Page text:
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In silico and in vitro studies of the reduction of unsaturated alpha,beta bonds of trans-2-hexenedioic acid and 6-amino-trans-2-hexenoic acid - Important steps towards biobased production of adipic acid

Journal article
Authors E. Karlsson
J. H. Shin
G. Westman
Leif A Eriksson
L. Olsson
V. Mapell
Published in Plos One
Volume 13
Issue 2
ISSN 1932-6203
Publication year 2018
Published at Department of Chemistry and Molecular Biology
Language en
Keywords old yellow enzyme, high-level conversion, escherichia-coli, l-lysine, corynebacterium-glutamicum, ligand-binding, pathway, biosynthesis, aminotransferase, flavoproteins, Science & Technology - Other Topics
Subject categories Biochemistry and Molecular Biology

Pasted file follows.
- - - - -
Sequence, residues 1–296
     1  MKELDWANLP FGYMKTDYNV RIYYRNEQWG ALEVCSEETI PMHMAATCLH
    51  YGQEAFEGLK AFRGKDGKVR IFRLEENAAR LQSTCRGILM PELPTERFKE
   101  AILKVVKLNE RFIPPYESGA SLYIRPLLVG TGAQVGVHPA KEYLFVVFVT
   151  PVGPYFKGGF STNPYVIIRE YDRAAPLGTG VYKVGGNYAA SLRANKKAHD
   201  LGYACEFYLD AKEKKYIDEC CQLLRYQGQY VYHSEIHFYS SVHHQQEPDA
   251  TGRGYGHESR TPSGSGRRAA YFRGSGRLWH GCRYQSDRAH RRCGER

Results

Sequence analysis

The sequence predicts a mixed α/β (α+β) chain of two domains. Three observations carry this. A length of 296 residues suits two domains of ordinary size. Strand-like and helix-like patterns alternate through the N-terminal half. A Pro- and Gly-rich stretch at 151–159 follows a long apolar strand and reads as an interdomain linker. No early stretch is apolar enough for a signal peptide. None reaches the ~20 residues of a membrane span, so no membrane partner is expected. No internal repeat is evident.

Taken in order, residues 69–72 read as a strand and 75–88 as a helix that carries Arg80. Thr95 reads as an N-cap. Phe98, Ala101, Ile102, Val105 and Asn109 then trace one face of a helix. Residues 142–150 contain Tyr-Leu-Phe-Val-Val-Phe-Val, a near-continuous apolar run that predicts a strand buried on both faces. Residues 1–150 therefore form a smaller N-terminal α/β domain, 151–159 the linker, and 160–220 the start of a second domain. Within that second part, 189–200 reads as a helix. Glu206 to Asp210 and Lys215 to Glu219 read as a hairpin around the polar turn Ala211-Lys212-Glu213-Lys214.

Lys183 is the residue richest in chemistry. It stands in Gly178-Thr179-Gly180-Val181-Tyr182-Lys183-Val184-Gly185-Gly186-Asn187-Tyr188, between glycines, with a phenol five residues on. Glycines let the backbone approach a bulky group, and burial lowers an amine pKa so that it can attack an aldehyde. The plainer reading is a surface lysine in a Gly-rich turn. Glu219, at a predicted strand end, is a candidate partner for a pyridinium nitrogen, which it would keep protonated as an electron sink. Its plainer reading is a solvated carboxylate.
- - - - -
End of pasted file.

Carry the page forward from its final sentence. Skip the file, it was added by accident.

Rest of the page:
The biobased production of adipic acid, a precursor in the production of nylon, is of great interest in order to replace the current petrochemical production route. Glucose-rich lignocellulosic raw materials have high potential to replace the petrochemical raw material. A number of metabolic pathways have been proposed for the microbial conversion of glucose to adipic acid, but achieved yields and titers remain to be improved before industrial applications are feasible. One proposed pathway starts with lysine, an essential metabolite industrially produced from glucose by microorganisms. However, the drawback of this pathway is that several reactions are involved where there is no known efficient enzyme. By changing the order of the enzymatic reactions, we were able to identify an alternative pathway with one unknown enzyme less compared to the original pathway. One of the reactions lacking known enzymes is the reduction of the unsaturated a,6 bond of 6-amino-trans-2-hexenoic acid and trans-2-hexenedioic acid. To identify the necessary enzymes, we selected N-ethylmaleimide reductase from Escherichia coli and Old Yellow Enzyme 1 from Saccharomyces pastorianus. Despite successful in silico docking studies, where both target substrates could fit in the enzyme pockets, and hydrogen bonds with catalytic residues of both enzymes were predicted, no in vitro activity was observed. We hypothesize that the lack of activity is due to a difference in electron withdrawing potential between the naturally reduced aldehyde and the carboxylate groups of our target substrates. Suggestions for protein engineering to induce the reactions are discussed, as well as the advantages and disadvantages of the two metabolic pathways from lysine. We have highlighted bottlenecks associated with the lysine pathways, and proposed ways of addressing them.

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